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Pharmaceutical FAQs

Don’t all drugs have side effects?

In a general sense, all actions have consequences, so yes, it may be that any medication you take will have side effects.  But medications and medical devices are meant to heal not injure, to help not hurt. 

 If you have been made sick, injured, harmed, or had your condition worsen on account of a prescription medication, over-the-counter drug, nutritional or dietary supplement, or medical implant or device, you could have a legal claim.

 How do I know if I have been hurt by a medical device or prescription medication?

There is no easy answer for this, as it depends on the situation.   But at NB&W, we want to help people in our community who have been hurt, so contact us with any questions – we offer case consultations free of charge and with no obligation.

If you have been prescribed a medication or been treated with an implant or device and are suffering from unusual and harmful side effects, first seek medical attention and next follow up with an attorney to discuss your rights and options. 

Much information exists about various dangers, side effects, FDA warnings and recalls, and pending lawsuits for various pharmaceutical products on the news and the internet. 

Will I become part of a class action suit?

The general answer is not necessarily, but there are variables that will be specific to your situation. 

 If you have been hurt by a medical device or prescription, you have legal rights that are yours alone – meaning you have the choice to seek legal counsel and pursue your claims. 

 If we work together on your legal claim, you have the choice of whether you become involved in an existing class action suit or pursue your claims individually – no one can make that choice for you.  We are available to discuss your rights and options with you for no charge or obligation. 

 Depending on the medication you were prescribed or device you were treated with, where you live, and when you used it, you may be eligible for participation in a class action suit. 

 And depending on the specifics of your injury and treatment, you may be a part of a pending or forming class action suit.  It is important to pay attention if you receive notice by mail or through publication in a local paper if you are part of a class, as this suit will permanently affect your legal rights if you choose to participate or do not opt out of the class. Be sure to follow up with those in charge to find out the status of the case and your role.  If you are unsure, consult an attorney if you would like legal advice on what options you have and what the consequences of those choices may be.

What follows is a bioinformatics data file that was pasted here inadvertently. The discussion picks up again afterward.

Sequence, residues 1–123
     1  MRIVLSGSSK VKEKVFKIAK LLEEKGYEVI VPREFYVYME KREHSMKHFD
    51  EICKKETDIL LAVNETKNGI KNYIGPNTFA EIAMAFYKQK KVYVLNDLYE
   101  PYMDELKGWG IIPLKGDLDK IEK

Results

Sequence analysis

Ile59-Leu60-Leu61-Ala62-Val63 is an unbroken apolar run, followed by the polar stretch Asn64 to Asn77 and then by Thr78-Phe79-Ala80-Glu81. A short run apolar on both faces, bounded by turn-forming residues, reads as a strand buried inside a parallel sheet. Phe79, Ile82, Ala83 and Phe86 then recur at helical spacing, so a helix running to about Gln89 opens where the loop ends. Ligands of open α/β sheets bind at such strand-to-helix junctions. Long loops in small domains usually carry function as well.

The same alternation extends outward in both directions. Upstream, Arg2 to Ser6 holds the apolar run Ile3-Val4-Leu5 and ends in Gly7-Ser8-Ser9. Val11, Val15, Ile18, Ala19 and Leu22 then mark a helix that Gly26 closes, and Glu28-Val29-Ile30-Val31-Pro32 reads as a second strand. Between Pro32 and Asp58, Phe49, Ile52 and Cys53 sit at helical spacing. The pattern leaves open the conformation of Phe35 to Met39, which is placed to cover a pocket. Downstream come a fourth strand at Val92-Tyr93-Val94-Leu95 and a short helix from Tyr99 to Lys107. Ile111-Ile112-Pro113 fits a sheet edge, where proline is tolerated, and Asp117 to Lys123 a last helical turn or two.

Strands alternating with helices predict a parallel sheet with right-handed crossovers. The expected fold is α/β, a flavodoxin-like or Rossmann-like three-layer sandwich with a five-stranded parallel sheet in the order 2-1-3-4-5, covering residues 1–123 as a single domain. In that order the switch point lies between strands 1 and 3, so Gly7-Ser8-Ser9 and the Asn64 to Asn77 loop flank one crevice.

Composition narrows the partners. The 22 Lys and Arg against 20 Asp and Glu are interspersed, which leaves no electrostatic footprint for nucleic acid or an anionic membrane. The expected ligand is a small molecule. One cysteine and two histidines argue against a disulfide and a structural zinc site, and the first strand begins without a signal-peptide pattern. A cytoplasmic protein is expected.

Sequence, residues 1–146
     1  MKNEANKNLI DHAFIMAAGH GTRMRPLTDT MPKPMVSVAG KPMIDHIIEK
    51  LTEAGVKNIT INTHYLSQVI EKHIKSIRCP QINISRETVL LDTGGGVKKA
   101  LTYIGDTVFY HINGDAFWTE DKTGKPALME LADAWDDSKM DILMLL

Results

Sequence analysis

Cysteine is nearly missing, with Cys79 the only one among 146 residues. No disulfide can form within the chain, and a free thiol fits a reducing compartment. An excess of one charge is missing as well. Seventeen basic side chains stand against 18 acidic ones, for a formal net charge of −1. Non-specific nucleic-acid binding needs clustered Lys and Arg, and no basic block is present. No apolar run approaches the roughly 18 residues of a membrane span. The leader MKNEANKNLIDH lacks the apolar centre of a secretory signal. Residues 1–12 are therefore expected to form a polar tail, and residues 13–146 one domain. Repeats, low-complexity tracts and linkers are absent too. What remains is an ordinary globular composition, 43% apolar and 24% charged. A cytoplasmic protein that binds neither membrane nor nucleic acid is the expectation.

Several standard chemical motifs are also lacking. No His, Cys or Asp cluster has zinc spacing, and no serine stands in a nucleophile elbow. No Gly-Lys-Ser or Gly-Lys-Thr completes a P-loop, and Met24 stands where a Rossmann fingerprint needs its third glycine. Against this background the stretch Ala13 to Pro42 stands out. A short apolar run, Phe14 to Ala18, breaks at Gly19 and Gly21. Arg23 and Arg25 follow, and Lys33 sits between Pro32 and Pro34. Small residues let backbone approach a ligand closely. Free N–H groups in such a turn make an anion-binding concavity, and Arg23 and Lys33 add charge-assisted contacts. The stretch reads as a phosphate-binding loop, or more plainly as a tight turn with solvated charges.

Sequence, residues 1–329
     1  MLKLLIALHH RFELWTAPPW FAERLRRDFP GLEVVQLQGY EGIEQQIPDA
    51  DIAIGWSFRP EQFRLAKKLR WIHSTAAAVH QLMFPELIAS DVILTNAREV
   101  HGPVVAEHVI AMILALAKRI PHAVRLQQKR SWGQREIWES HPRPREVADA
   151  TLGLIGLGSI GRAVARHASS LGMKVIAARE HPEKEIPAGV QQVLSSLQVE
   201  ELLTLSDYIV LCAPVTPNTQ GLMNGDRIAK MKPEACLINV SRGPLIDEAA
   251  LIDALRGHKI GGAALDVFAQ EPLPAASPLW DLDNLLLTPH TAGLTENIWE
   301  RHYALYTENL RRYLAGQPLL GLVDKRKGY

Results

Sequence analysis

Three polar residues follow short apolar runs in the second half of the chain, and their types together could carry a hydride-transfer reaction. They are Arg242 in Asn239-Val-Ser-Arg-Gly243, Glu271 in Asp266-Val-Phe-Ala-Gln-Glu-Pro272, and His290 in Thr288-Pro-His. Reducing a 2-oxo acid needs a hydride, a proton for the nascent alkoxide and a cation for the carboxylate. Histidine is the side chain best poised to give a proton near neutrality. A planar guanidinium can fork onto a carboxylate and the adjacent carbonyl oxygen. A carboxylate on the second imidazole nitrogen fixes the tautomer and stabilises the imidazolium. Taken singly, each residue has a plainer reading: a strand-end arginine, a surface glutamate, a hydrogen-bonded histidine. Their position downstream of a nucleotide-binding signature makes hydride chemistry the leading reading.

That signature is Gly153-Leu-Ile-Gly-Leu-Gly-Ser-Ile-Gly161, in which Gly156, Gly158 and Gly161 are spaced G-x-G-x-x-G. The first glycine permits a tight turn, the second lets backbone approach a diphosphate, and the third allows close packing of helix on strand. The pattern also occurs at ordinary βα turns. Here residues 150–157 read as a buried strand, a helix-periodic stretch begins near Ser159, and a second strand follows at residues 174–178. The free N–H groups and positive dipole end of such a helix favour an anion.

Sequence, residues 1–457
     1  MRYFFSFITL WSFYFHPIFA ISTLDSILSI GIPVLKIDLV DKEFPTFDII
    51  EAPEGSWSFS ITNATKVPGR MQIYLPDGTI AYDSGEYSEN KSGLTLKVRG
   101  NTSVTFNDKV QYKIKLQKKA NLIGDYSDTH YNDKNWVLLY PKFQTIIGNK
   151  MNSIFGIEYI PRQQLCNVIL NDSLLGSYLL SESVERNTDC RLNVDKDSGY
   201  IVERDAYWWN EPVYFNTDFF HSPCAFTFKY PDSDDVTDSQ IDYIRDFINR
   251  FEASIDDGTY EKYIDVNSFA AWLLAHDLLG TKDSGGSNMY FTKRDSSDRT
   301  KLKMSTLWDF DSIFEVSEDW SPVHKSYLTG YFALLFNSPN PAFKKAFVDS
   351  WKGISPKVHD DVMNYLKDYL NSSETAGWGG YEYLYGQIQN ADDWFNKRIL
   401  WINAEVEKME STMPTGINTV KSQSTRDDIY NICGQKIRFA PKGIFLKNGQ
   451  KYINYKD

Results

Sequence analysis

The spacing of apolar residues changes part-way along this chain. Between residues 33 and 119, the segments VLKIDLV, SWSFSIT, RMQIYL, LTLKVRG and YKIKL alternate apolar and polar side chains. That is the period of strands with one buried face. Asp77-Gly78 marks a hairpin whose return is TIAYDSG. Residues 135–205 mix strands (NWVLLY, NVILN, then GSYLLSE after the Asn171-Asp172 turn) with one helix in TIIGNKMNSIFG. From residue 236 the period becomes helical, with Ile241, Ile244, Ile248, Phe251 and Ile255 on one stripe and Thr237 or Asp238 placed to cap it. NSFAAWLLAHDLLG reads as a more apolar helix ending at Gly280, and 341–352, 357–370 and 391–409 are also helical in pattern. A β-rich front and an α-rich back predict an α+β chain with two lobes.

What if I took the generic drug and not the name brand pharmaceutical?

All drugs are given two names – a brand name and a generic name that represents the chemical compounds.  There is no difference between this for the first several years of the pharmaceutical product’s existence prior to when the manufacturer’s patent expires.

After the patent expires and other companies are free to manufacture similar products, they are able to produce other generic versions of the drug or device.  These should have the same active ingredients.  However, the chemical makeup will likely not be identical.  The original pharmaceutical and the later generic manufactured by a different company may have the same treatment effects and same side effects, or they may vary. 

Which medication you took or device you used will affect your case and dictate the defendants involved.  Cases like these require extensive investigation to gather the necessary evidence.

If the FDA approved the medication, doesn’t it mean it is safe?

As we know, all actions have consequences, and so too do all drugs have side effects.  Some side effects are just uncomfortable, while others can be serious or deadly. 

When drugs are being researched and developed, they undergo testing for safety and effectiveness.  However, we also know that sometimes hidden side effects emerge after the drug is on the market and people are getting sick and hurt. Likewise, the FDA rates and tests and approves various medical products, but still, some are later recalled, and unfortunately, this is usually after people are hurt or get sick. 

Simply, there is no way to test and ensure that all medications and devices are totally, completely safe.  Just because the FDA has approved a medical product does not mean it is without risk. 

You should always consult your doctor before taking any medication and you should be sure your doctor is aware of all of your medial history – the more information he or she has, the better.  And you should always be wary of the listed side effects on your medication’s warning labels.  You can read about the FDA’s safety monitoring for various drugs and devices on their website here: